This ad is currently being presented at cinemas. Look out for the tagline:
"Every minute, another young person is trafficked into sexual exploitation"
A simple calculation puts that figure at over 500,000 trafficked young people per year.
Yet according to studies into the issue, the true figure is nowhere even remotely close to that.
Two academics from the University of North London, Liz Kelly and Linda Regan, tried to estimate the number of women who had been trafficked in the UK during the calendar year 1998, an exercise which they honestly described as "problematic".In October, I wrote about how the figure eventually quoted by Denis McShane in a Westminster debate had climbed to an incredible 25,000 in order to 'sell' their policies on trafficking, despite the fact that a nationwide inquiry failed to find even ONE trafficked prostitute.
First, there was the problem of the word, which Kelly and Regan solved by accepting all variations of its meaning. Then, there was the shortage of facts. They spoke to specialists, studied news reports and surveyed police, who reported that 71 women had been "trafficked", whether willingly or not, during 1998. In Stopping Traffic, which they published in May 2000, Kelly and Regan argued that the real scale of the problem was probably bigger than this and, in the absence of any accurate data, they made various assumptions which they themselves described as "speculative".
At the very least, they guessed, there could be another 71 trafficked women who had been missed by police, which would double the total, to 142. At the most, they suggested, the true total might be 20 times higher, at 1,420.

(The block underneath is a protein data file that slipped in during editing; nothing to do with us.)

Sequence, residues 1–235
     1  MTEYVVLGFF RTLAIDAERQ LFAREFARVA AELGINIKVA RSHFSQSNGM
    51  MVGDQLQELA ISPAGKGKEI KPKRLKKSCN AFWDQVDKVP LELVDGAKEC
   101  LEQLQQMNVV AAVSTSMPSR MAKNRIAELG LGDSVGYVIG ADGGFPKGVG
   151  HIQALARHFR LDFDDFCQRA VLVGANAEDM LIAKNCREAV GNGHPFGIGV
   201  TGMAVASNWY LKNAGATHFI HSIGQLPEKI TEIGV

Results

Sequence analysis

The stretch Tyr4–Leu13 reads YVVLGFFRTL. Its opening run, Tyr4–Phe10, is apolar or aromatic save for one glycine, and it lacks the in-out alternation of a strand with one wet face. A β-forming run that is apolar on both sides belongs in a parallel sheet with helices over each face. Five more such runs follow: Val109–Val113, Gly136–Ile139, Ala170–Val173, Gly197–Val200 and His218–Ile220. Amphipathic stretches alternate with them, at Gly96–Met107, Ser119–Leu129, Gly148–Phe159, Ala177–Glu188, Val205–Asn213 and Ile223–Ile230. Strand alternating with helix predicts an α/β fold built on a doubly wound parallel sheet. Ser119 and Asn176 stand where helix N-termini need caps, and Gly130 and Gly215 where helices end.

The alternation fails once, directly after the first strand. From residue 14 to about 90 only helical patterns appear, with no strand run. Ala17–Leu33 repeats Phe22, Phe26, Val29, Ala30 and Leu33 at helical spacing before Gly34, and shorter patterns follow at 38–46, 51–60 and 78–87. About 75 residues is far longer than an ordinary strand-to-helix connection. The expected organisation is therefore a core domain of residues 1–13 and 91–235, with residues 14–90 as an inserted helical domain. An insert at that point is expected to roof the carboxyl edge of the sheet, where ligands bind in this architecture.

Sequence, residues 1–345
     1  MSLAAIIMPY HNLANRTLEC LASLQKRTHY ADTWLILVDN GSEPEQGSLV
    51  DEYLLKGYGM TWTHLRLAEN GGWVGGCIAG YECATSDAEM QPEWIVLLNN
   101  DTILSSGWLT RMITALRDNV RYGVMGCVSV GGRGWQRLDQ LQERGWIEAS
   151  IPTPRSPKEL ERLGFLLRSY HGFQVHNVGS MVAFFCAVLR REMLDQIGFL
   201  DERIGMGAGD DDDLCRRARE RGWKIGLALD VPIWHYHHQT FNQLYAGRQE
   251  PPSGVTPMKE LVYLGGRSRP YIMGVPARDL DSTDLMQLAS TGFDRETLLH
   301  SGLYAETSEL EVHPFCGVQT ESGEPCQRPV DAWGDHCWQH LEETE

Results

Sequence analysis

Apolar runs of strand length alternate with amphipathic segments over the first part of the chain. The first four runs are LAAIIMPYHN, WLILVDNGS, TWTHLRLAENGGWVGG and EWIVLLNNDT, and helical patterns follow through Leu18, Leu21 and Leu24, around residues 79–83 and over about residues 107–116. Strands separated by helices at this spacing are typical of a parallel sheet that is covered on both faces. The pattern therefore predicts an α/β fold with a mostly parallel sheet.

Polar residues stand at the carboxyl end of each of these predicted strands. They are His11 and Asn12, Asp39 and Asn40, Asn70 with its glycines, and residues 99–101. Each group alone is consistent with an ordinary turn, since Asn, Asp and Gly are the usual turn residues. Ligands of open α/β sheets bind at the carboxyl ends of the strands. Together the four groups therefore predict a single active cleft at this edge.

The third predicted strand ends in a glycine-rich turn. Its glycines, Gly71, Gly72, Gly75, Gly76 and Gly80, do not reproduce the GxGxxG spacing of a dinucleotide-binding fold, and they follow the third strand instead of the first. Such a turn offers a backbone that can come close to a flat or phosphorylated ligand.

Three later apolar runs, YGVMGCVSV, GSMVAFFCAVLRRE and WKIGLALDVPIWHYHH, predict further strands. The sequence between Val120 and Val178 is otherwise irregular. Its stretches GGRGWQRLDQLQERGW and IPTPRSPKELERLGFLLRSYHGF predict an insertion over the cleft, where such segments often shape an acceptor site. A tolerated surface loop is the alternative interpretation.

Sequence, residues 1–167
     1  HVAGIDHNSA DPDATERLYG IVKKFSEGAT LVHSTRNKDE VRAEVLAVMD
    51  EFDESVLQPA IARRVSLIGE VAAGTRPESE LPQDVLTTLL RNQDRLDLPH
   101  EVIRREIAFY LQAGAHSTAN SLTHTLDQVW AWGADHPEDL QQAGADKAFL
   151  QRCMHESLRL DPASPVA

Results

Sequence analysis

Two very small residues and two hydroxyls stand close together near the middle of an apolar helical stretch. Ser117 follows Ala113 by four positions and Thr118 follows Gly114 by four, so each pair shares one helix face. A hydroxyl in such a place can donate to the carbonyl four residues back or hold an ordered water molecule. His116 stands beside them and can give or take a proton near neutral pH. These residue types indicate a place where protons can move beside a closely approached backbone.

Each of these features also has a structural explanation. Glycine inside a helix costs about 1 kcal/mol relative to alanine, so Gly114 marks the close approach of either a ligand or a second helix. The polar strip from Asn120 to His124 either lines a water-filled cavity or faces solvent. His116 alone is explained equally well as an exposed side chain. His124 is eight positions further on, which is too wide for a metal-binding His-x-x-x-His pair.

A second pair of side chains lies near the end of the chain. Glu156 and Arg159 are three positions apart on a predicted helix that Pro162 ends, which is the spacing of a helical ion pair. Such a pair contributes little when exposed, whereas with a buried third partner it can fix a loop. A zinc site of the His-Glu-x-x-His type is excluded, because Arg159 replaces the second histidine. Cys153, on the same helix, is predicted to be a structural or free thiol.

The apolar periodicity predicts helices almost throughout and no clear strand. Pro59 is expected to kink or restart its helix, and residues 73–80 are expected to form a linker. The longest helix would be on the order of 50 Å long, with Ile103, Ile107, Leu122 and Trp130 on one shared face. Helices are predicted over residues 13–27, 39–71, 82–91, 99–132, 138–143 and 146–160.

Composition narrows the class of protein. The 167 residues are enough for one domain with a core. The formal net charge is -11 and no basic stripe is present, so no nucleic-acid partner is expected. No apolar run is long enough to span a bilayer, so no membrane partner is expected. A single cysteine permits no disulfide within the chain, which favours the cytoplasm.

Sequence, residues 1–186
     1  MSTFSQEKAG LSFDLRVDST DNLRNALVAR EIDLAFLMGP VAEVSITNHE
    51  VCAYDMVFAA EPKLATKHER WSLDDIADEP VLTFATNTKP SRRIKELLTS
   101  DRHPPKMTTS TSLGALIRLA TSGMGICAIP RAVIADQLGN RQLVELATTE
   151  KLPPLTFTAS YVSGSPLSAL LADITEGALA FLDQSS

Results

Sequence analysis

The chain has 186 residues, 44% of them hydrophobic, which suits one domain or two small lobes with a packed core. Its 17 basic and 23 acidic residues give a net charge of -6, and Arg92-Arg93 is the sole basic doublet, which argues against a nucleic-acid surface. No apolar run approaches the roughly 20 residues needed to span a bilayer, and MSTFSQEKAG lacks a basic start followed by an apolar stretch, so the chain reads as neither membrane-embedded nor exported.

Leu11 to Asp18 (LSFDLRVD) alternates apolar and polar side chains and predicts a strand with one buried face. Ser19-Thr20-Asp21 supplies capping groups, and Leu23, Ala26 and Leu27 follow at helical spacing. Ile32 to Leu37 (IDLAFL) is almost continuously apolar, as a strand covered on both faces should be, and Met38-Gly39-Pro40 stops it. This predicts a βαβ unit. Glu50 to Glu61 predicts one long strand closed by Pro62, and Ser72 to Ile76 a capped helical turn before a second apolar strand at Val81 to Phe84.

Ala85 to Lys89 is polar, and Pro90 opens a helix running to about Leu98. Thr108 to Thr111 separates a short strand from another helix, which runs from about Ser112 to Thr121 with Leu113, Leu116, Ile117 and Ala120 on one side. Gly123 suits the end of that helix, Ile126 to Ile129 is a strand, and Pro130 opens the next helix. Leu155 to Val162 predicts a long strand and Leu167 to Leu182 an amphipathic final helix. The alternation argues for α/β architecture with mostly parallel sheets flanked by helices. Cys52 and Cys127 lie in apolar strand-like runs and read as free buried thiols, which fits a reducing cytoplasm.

As if that wasn't mendacious enough, an unsourced and unsubstantiated total of over half a million is now being broadcast to a receptive public in movie theatres.
If this is a global tally, there is no mention of it, especially since the object of trafficking in this video is a nice, middle class, English schoolgirl. Therefore one must assume that whoever commissioned this ad is quite happy for the public to believe that one British schoolkid is trafficked into prostitution every minute.
And even if this is a worldwide total, how are we supposed to believe that when politicians such as Denis McShane, acting on Harriet Harman's anti-male initiatives, spout such egregious scaremongery? Because, as the Rajendra Pachauri debacle illustrates, this is a worldwide problem, and regular readers of this blog will know of lies and distortions being foisted on us in many other spheres of policy.
Politicians have been lying to us so wildly, for so long, that all trust in them has long since been misplaced. One day it will evaporate entirely.
Crying wolf too often tends to have that effect, so when the metaphorical sheep really do begin to be ripped to pieces, we know where to apportion the blame.